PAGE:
12. Venkatramani R, Dhall G, Patel M, et al.: Supratentorial ependymoma in children: to observe or to treat following gross total resection? Pediatr Blood Cancer 58 (3): 380-3, 2012. [PUBMED Abstract]
  13. Ghia AJ, Mahajan A, Allen PK, et al.: Supratentorial gross-totally resected non-anaplastic ependymoma: population based patterns of care and outcomes analysis. J Neurooncol 115 (3): 513-20, 2013. [PUBMED Abstract]
  14. Koshy M, Rich S, Merchant TE, et al.: Post-operative radiation improves survival in children younger than 3 years with intracranial ependymoma. J Neurooncol 105 (3): 583-90, 2011. [PUBMED Abstract]
  15. Combs SE, Kelter V, Welzel T, et al.: Influence of radiotherapy treatment concept on the outcome of patients with localized ependymomas. Int J Radiat Oncol Biol Phys 71 (4): 972-8, 2008. [PUBMED Abstract]
  16. Schroeder TM, Chintagumpala M, Okcu MF, et al.: Intensity-modulated radiation therapy in childhood ependymoma. Int J Radiat Oncol Biol Phys 71 (4): 987-93, 2008. [PUBMED Abstract]
  17. Merchant TE, Mulhern RK, Krasin MJ, et al.: Preliminary results from a phase II trial of conformal radiation therapy and evaluation of radiation-related CNS effects for pediatric patients with localized ependymoma. J Clin Oncol 22 (15): 3156-62, 2004. [PUBMED Abstract]
  18. Patteson BE, Baliga S, Bajaj BVM, et al.: Clinical outcomes in a large pediatric cohort of patients with ependymoma treated with proton radiotherapy. Neuro Oncol 23 (1): 156-166, 2021. [PUBMED Abstract]
  19. Indelicato DJ, Ioakeim-Ioannidou M, Bradley JA, et al.: Proton Therapy for Pediatric Ependymoma: Mature Results From a Bicentric Study. Int J Radiat Oncol Biol Phys 110 (3): 815-820, 2021. [PUBMED Abstract]
  20. Indelicato DJ, Flampouri S, Rotondo RL, et al.: Incidence and dosimetric parameters of pediatric brainstem toxicity following proton therapy. Acta Oncol 53 (10): 1298-304, 2014. [PUBMED Abstract]
  21. Sato M, Gunther JR, Mahajan A, et al.: Progression-free survival of children with localized ependymoma treated with intensity-modulated radiation therapy or proton-beam radiation therapy. Cancer 123 (13): 2570-2578, 2017. [PUBMED Abstract]
  22. Indelicato DJ, Bradley JA, Rotondo RL, et al.: Outcomes following proton therapy for pediatric ependymoma. Acta Oncol 57 (5): 644-648, 2018. [PUBMED Abstract]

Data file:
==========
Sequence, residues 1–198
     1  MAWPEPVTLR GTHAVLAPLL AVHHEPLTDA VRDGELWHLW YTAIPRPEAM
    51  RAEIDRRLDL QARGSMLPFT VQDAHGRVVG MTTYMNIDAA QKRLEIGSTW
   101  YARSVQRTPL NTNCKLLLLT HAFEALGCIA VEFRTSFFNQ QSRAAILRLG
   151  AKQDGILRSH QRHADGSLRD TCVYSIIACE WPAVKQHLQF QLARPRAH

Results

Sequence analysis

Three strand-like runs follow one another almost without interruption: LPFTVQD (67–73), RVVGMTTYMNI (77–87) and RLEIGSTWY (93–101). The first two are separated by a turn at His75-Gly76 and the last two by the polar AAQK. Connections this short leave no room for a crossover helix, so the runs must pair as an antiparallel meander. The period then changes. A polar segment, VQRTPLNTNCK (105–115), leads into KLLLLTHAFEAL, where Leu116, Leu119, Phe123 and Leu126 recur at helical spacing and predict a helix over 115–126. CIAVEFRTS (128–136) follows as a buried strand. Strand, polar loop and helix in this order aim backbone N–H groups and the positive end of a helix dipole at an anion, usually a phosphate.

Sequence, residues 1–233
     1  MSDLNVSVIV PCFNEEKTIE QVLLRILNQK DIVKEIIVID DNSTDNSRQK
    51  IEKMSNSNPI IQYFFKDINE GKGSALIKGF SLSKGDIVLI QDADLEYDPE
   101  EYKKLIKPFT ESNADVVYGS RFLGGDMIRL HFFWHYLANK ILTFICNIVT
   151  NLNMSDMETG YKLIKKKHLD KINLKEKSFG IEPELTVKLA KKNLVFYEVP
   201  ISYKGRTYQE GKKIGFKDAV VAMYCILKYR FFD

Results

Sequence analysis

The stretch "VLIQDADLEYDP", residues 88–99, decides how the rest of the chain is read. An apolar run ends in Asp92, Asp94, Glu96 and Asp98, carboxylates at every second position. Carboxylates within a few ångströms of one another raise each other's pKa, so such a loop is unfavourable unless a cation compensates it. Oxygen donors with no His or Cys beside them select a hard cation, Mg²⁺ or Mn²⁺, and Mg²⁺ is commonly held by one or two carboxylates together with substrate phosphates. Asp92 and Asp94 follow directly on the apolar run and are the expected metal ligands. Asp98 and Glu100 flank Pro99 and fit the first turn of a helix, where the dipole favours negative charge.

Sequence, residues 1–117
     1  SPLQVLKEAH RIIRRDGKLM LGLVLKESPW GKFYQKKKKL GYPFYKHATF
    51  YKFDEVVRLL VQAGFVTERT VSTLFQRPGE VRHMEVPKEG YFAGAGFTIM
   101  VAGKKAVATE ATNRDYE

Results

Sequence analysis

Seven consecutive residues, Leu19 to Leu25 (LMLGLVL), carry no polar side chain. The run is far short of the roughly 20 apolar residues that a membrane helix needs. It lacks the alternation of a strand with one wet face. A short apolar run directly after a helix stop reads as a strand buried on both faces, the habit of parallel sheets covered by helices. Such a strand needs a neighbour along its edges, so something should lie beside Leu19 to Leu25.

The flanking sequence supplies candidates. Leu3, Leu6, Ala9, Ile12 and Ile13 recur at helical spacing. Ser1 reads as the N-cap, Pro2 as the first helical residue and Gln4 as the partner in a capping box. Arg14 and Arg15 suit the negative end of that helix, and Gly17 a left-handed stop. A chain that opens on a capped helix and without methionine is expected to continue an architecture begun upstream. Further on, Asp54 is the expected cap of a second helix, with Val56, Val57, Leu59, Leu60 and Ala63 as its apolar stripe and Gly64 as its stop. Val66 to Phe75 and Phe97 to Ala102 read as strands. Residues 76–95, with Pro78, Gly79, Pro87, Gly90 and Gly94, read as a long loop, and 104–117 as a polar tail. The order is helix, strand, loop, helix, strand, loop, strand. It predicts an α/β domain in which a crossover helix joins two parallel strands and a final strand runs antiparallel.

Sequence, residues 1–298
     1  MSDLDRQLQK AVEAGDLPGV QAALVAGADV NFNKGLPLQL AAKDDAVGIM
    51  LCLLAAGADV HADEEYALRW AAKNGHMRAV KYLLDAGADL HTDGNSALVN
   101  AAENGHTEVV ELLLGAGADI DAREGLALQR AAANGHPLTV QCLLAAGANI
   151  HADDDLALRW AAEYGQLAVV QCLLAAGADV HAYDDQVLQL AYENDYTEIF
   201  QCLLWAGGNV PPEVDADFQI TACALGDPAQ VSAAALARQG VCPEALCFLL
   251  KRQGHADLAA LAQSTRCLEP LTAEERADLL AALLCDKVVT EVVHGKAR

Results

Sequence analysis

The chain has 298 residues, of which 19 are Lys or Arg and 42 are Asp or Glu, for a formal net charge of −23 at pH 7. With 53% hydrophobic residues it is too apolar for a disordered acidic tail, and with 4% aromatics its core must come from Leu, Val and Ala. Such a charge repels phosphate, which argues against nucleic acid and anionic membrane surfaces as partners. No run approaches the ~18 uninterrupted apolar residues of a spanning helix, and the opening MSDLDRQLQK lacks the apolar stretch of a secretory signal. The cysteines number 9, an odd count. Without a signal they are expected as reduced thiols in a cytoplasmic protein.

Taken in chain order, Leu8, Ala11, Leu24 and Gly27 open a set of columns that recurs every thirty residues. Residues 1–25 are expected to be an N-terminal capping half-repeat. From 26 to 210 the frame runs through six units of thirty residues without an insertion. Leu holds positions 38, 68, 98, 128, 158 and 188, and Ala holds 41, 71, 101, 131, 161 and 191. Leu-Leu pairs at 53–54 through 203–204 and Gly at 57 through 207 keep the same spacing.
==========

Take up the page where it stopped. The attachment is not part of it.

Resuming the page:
23. Zacharoulis S, Levy A, Chi SN, et al.: Outcome for young children newly diagnosed with ependymoma, treated with intensive induction chemotherapy followed by myeloablative chemotherapy and autologous stem cell rescue. Pediatr Blood Cancer 49 (1): 34-40, 2007. [PUBMED Abstract]
  24. Massimino M, Solero CL, Garrè ML, et al.: Second-look surgery for ependymoma: the Italian experience. J Neurosurg Pediatr 8 (3): 246-50, 2011. [PUBMED Abstract]
  25. Wahab SH, Simpson JR, Michalski JM, et al.: Long term outcome with post-operative radiation therapy for spinal canal ependymoma. J Neurooncol 83 (1): 85-9, 2007. [PUBMED Abstract]
  26. Garvin JH, Selch MT, Holmes E, et al.: Phase II study of pre-irradiation chemotherapy for childhood intracranial ependymoma. Children's Cancer Group protocol 9942: a report from the Children's Oncology Group. Pediatr Blood Cancer 59 (7): 1183-9, 2012. [PUBMED Abstract]
  27. Upadhyaya SA, Robinson GW, Onar-Thomas A, et al.: Molecular grouping and outcomes of young children with newly diagnosed ependymoma treated on the multi-institutional SJYC07 trial. Neuro Oncol 21 (10): 1319-1330, 2019. [PUBMED Abstract]
  28. Grill J, Kalifa C, Doz F, et al.: A high-dose busulfan-thiotepa combination followed by autologous bone marrow transplantation in childhood recurrent ependymoma. A phase-II study. Pediatr Neurosurg 25 (1): 7-12, 1996. [PUBMED Abstract]
  29. Venkatramani R, Ji L, Lasky J, et al.: Outcome of infants and young children with newly diagnosed ependymoma treated on the "Head Start" III prospective clinical trial. J Neurooncol 113 (2): 285-91, 2013. [PUBMED Abstract]
  30. Merchant TE, Boop FA, Kun LE, et al.: A retrospective study of surgery and reirradiation for recurrent ependymoma. Int J Radiat Oncol Biol Phys 71 (1): 87-97, 2008. [PUBMED Abstract]
  31. Bouffet E, Capra M, Bartels U: Salvage chemotherapy for metastatic and recurrent ependymoma of childhood. Childs Nerv Syst 25 (10): 1293-301, 2009. [PUBMED Abstract]
  32. Duffner PK, Horowitz ME, Krischer JP, et al.: The treatment of malignant brain tumors in infants and very young children: an update of the Pediatric Oncology Group experience. Neuro-oncol 1 (2): 152-61, 1999. [PUBMED Abstract]
  33. Duffner PK, Horowitz ME, Krischer JP, et al.: Postoperative chemotherapy and delayed radiation in children less than three years of age with malignant brain tumors. N Engl J Med 328 (24): 1725-31, 1993. [PUBMED Abstract]
  34. Geyer JR, Sposto R, Jennings M, et al.: Multiagent chemotherapy and deferred radiotherapy in infants with malignant brain tumors: a report from the Children's Cancer Group. J Clin Oncol 23 (30): 7621-31, 2005. [PUBMED Abstract]